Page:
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FCC Commissioner's Ethics Stand Makes Things Tougher For AT&T

from the conflicting-interests dept

We pointed out yesterday that FCC Chairman Kevin Martin would only be able to deliver telcos half of their Christmas present this week, since the deadlock on the AT&T-BellSouth merger remains unbroken. There are five FCC commissioners: three Republicans, including Martin, and two Democrats. One of the Republicans, Robert McDowell, has thus far refused to vote on the issue because of his past work for a group that lobbied on behalf of small telephone companies — living up to a pledge to recuse himself from votes where there’s a conflict of interest. A few weeks ago, the FCC’s general counsel, cleared McDowell to vote, saying it wouldn’t be unethical. But that rather wishy-washy memo wasn’t good enough for McDowell, who now says he still won’t vote on the merger. With refreshing candor, he said of the general counsel’s ruling: “While I expected the legal equivalent of body armor, I was handed Swiss cheese,” explaining in a statement that even though he’d been cleared to vote by the FCC lawyer, he still had other ethical questions and responsibilities the counsel apparently failed to consider. There are a few interesting angles here, beyond the obvious one of an apparently ethical politician. It appears that FCC Chairman Martin was pushing for McDowell to vote with the expectation that he’d follow party lines and approve the merger with minimal conditions — but would that have really been the case? The conflict of interest was because McDowell lobbied for small telcos, and the group he used to head is opposed to the AT&T-BellSouth merger. In addition, in his confirmation hearings, he made the right noises about being an advocate of consumers and competition (though, of course, if he was nominated with Martin’s blessing, you have to wonder about his true colors). It seems like the easiest path here, were McDowell in favor of the merger, to say ethical questions be damned, and go ahead and vote to approve with his fellow Republicans. However, by refusing to get involved, it appears that he’s shifted the balance of power back towards the Democratic commissioners and put more pressure on the companies to make deeper concessions. The deal will still eventually get approved, the question is just over what conditions will be attached, and how long it will take — which could increase speculation that AT&T might give up on the deal.

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Comments on “FCC Commissioner's Ethics Stand Makes Things Tougher For AT&T”

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Anonymous Coward says:

At&t merger

I don’t support the merger, just straight out.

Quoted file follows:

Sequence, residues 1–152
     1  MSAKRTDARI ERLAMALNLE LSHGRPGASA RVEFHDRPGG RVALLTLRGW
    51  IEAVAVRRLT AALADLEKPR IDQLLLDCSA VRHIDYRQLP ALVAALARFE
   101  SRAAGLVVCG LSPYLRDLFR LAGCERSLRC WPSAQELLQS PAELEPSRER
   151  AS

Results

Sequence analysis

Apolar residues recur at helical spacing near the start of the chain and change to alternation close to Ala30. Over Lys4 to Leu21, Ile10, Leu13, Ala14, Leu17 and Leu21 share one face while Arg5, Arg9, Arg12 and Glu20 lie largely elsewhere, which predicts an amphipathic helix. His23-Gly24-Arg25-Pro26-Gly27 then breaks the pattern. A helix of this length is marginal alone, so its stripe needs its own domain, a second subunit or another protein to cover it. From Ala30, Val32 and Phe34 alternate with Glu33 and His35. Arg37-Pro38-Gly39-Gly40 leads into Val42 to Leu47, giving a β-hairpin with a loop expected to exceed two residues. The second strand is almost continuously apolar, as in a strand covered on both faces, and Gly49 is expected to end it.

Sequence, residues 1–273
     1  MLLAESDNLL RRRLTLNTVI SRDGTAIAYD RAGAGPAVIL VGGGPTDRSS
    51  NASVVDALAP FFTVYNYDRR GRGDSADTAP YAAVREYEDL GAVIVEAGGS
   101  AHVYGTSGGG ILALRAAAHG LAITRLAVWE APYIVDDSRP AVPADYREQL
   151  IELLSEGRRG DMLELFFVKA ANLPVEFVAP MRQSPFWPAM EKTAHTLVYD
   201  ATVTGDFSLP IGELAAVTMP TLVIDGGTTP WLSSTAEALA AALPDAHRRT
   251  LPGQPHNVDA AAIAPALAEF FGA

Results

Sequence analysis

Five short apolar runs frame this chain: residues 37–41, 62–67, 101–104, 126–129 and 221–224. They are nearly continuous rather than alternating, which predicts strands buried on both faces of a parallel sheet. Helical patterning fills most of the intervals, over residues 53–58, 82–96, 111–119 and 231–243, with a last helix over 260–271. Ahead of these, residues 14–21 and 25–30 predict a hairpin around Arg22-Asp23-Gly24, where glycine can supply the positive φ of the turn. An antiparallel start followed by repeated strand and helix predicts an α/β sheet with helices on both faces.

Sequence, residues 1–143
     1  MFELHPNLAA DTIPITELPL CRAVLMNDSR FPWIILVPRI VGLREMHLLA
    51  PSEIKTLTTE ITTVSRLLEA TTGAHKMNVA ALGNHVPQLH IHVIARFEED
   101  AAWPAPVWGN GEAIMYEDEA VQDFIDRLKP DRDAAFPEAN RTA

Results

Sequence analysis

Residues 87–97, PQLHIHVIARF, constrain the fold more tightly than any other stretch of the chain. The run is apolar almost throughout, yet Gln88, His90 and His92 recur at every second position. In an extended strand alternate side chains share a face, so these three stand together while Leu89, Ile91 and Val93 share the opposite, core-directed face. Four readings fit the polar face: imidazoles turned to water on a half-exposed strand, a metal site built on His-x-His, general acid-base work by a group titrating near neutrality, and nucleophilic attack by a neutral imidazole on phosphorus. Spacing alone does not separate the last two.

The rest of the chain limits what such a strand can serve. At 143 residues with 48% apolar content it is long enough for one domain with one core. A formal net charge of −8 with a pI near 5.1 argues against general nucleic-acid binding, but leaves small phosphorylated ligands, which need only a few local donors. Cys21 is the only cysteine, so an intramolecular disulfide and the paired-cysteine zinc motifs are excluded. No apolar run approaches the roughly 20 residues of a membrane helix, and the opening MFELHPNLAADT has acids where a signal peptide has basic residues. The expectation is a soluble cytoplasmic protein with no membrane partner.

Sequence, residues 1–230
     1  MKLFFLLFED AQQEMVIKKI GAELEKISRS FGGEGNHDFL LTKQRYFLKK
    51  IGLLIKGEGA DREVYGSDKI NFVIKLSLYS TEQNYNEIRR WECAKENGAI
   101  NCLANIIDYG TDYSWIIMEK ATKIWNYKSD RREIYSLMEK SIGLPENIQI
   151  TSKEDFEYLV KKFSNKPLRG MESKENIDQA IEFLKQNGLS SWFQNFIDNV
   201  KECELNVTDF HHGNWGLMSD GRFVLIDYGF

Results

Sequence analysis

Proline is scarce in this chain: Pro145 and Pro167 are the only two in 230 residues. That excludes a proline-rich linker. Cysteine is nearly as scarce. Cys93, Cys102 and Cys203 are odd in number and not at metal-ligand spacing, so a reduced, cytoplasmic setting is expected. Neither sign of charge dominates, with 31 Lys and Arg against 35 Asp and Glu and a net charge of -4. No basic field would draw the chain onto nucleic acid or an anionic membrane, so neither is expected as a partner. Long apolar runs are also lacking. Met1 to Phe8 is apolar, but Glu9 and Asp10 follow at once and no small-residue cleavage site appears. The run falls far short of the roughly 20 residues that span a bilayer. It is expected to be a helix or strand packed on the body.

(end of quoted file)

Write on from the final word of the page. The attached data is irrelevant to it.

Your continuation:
I have my own personal issues with AT&T, and would rather see them put out of business.

so, the more stress on it, the better

i just hope sumbody will make up there minds, so i can make up my mind to keep my providor or not, because i don’t want the words AT&T anywere on my bill.

another says:

AT&T will not just give up on SBC, face it, it will happen sooner or later.

Interesting, but logic dictates McDowell would vote no. Since he was opposed to AT&T prior to joining the FCC, a vote yes would obviously shown that even though he formerly a rival to AT&T, he was voting for good. Since he won’t vote, you have to assume his vote would have been no, thus calling his objectivity into question.

Sometimes you just can’t get people to vote the party line. Thats really a great thing.

grapeshot says:

I Am Confused

I remember that in the very early 80’s AT&T was originally broken up so that the consumers would be better served by competition that would be created by many, smaller telcos. Indeed, this is what gave rise to Sprint, WorldCom, SBC, Verizon, etc., and a plethora of baby bells. To be sure, although this was a confusing time for the average consumer, who was now bombarded with ads for all the telcos competing for their $$ (not to mention being slammed right and left), the price of making phone calls did go down. As an exercise, it seems that increasing competition was indeed good for the consumer.

Now it seems that the telco industry (or at least, the land-line portion of it) has been allowed to merge and re-merge until we are virtually back to the old days of a single provider that holds a monopoly. Only this time, less subject to governmental regulation. And this time it is poised to happen just as they’re also threatening to limit access to content on the internet.

I remain unconvinced that the FCC, who’s leadership is appointed by the current administration, is at all concerned with what’s best for the consumer. It seems like ALL these agencies, FEC, SEC, FCC, etc., are more concerned with kowtowing to corporate interests. Given the sheer incompetence of this administration in dealing with national and international matters, and the level of corruption and/or incompetence within the ranks of their appointees, I am also not convinced that the current FCC is able to properly sort through issues of just how different technologies compete and don’t compete with each other.

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